146This makes finding the proper declaration to match to a function application or variable expression a simple matter of symbol table lookup, which can be easily and efficiently implemented.
147\CFA, on the other hand, allows overloading of variable and function names, so long as the overloaded declarations do not have the same type, avoiding the multiplication of function names for different types common in the C standard library, as in the following example:
149int three = 3;
150double three = 3.0;
152int thrice(int i) { return i * three; } // uses int three
153double thrice(double d) { return d * three; } // uses double three
155// thrice(three); // ERROR: ambiguous
156int nine = thrice(three);    // uses int thrice and three, based on return type
157double nine = thrice(three); // uses double thrice and three, based on return type
160The presence of name overloading in \CFA means that simple table lookup is not sufficient to match identifiers to declarations, and a type matching algorithm must be part of expression resolution.
162\subsection{Implicit Conversions}
163In addition to the multiple interpretations of an expression produced by name overloading, \CFA also supports all of the implicit conversions present in C, producing further candidate interpretations for expressions.
164C does not have a traditionally-defined inheritance hierarchy of types, but the C standard's rules for the ``usual arithmetic conversions'' define which of the built-in types are implicitly convertable to which other types, and the relative cost of any pair of such conversions from a single source type.
165\CFA adds to the usual arithmetic conversions rules for determining the cost of binding a polymorphic type variable in a function call; such bindings are cheaper than any \emph{unsafe} (narrowing) conversion, \eg ©int© to ©char©, but more expensive than any \emph{safe} (widening) conversion, \eg ©int© to ©double©.
166The expression resolution problem, then, is to find the unique minimal-cost interpretation of each expression in the program, where all identifiers must be matched to a declaration, implicit conversions or polymorphic bindings of the result of an expression may increase the cost of the expression, and which subexpression interpretation is minimal-cost may be disambiguated by context.
168\subsubsection{User-generated Implicit Conversions}
169One possible additional feature to \CFA included in this research proposal is \emph{user-generated implicit conversions}.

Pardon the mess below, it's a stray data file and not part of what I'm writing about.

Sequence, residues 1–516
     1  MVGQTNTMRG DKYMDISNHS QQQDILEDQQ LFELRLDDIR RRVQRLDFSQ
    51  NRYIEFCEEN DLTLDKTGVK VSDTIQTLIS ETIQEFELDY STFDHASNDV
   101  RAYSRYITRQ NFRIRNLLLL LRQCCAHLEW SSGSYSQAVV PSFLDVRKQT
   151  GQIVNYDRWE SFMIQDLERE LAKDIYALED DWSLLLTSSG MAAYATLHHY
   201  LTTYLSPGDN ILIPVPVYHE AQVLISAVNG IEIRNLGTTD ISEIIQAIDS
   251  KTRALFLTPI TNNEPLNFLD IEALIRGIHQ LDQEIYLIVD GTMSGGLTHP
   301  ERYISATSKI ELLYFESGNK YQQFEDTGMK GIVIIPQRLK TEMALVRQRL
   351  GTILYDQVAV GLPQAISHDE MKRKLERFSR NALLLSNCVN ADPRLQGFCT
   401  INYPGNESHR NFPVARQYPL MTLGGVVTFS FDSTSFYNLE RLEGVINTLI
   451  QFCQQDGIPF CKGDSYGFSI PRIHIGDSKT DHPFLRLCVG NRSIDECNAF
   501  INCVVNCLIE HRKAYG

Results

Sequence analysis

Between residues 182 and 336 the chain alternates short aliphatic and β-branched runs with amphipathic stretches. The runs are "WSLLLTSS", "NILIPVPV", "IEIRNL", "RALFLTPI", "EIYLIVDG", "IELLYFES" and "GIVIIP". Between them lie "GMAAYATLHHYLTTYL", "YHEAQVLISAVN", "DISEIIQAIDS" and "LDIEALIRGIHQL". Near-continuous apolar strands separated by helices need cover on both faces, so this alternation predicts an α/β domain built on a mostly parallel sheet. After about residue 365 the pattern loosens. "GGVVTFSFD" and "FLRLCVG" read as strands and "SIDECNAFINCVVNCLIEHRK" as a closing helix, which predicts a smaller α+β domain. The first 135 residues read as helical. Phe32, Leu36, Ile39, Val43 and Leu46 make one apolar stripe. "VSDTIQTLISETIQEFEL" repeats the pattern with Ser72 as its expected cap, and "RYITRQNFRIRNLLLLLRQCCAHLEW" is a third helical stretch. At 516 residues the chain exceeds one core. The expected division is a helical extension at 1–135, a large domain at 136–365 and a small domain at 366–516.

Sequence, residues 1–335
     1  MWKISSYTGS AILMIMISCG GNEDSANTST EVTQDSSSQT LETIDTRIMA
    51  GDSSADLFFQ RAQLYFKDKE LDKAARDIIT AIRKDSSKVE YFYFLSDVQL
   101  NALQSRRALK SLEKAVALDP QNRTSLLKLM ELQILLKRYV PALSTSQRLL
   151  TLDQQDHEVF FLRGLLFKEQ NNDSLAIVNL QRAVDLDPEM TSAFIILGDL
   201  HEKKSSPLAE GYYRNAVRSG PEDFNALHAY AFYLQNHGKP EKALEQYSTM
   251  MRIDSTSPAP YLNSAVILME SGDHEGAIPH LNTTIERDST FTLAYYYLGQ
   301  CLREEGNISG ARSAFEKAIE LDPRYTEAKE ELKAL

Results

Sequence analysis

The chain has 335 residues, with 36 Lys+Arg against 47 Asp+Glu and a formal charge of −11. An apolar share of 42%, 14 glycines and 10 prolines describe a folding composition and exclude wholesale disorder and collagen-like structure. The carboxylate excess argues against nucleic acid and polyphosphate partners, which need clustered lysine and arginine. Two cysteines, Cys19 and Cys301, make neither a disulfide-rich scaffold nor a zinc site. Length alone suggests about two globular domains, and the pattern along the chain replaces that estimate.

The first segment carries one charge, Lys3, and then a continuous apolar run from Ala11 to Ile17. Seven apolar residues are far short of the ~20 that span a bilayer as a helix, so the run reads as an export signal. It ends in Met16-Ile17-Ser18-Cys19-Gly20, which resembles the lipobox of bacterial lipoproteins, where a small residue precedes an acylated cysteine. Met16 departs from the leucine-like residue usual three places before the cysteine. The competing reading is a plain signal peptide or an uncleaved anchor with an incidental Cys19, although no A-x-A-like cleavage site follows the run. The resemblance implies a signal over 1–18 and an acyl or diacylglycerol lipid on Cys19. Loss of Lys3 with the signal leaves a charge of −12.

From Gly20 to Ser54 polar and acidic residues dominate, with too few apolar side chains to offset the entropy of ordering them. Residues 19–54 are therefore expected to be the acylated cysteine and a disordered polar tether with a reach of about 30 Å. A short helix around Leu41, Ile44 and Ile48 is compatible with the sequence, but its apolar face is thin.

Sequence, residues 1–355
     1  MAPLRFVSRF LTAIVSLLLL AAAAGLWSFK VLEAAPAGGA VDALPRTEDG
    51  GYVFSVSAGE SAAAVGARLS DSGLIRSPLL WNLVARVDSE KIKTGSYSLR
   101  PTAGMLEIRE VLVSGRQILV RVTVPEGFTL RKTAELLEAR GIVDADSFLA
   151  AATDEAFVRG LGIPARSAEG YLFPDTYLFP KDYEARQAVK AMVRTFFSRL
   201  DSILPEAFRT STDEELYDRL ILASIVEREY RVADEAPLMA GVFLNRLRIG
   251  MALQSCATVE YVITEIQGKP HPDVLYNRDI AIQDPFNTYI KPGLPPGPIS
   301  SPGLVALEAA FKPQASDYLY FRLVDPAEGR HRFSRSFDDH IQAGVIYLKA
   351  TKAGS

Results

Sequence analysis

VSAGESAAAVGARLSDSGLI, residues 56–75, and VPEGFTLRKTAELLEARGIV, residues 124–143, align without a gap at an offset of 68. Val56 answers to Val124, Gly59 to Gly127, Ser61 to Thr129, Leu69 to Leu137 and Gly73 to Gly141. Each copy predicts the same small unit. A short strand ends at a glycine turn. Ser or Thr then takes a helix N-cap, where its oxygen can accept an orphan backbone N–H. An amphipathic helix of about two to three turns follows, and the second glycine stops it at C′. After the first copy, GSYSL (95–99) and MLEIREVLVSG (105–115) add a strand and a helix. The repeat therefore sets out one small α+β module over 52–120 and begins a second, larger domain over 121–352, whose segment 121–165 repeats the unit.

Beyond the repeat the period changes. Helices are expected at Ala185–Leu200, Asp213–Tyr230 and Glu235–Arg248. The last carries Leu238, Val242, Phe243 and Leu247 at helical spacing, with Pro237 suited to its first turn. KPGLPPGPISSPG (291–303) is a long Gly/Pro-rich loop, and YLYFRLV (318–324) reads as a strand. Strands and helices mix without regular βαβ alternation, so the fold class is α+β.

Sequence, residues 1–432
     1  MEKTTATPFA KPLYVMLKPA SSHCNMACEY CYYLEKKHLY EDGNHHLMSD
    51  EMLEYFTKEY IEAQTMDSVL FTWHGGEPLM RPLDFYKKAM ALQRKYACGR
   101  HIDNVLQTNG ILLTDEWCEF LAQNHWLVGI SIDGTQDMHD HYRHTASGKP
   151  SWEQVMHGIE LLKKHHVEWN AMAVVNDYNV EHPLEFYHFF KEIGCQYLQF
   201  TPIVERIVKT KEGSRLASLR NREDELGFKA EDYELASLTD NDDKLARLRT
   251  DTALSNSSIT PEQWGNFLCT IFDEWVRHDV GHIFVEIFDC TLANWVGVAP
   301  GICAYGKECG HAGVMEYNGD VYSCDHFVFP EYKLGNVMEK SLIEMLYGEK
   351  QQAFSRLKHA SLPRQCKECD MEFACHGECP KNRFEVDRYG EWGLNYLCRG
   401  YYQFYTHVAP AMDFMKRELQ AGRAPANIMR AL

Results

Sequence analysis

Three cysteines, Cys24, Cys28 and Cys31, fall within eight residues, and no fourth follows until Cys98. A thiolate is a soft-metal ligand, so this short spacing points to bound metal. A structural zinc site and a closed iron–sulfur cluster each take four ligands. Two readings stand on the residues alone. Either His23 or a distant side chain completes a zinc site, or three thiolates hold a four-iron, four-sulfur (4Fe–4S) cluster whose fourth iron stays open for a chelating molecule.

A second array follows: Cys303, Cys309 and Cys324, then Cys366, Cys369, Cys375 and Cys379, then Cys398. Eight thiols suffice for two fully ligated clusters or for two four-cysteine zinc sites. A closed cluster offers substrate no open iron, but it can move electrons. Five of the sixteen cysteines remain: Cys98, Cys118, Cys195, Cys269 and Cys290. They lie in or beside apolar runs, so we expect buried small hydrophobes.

170Such a conversion system should be simple for user programmers to utilize, and fit naturally with the existing design of implicit conversions in C; ideally it would also be sufficiently powerful to encode C's usual arithmetic conversions itself, so that \CFA only has one set of rules for conversions.
172Glen Ditchfield \textbf{TODO CITE} has laid out a framework for using polymorphic conversion constructor functions to create a directed acyclic graph (DAG) of conversions.
173A monomorphic variant of these functions can be used to mark a conversion arc in the DAG as only usable as the final step in a conversion.
174With these two types of conversion arcs, separate DAGs can be created for the safe and the unsafe conversions, and conversion cost can be represented as path length through the DAG.
175Open research questions on this topic include whether a conversion graph can be generated that represents each allowable conversion in C with a unique minimal-length path, such that the path lengths accurately represent the relative costs of the conversions, whether such a graph representation can be usefully augmented to include user-defined types as well as built-in types, and whether the graph can be efficiently represented and included in the expression resolver.
177\subsection{Constructors \& Destructors}
178Rob Shluntz, a current member of the \CFA research team, has added constructors and destructors to \CFA.
179Each type has an overridable default-generated zero-argument constructor, copy constructor, assignment operator, and destructor; for struct types these functions each call their equivalents on each field of the struct.
180This affects expression resolution because an ©otype© type variable ©T© implicitly adds four type assertions, one for each of these four functions, so assertion resolution is pervasive in \CFA polymorphic functions, even those without any explicit type assertions.
182\subsection{Generic Types}
183The author has added a generic type capability to \CFA, designed to efficiently and naturally integrate with \CFA's existing polymorphic functions.
184A generic type can be declared by placing a ©forall© specifier on a struct or union declaration, and instantiated using a parenthesized list of types after the type name:
186forall(otype R, otype S) struct pair {
187    R first;
188    S second;
191forall(otype T)
192T value( pair(const char*, T) *p ) { return p->second; }
194pair(const char*, int) p = { "magic", 42 };
195int magic = value( &p );
197For \emph{concrete} generic types, that is, those where none of the type parameters depend on polymorphic type variables (like ©pair(const char*, int)© above), the struct is essentially template expanded to a new struct type; for \emph{polymorphic} generic types (such as ©pair(const char*, T)© above), member access is handled by a runtime calculation of the field offset, based on the size and alignment information of the polymorphic parameter type.
198The default-generated constructors, destructor \& assignment operator for a generic type are polymorphic functions with the same list of type parameters as the generic type definition.
200Aside from giving users the ability to create more parameterized types than just the built-in pointer, array \& function types, the combination of generic types with polymorphic functions and implicit conversions makes the edge case where a polymorphic function can match its own assertions much more common, as follows: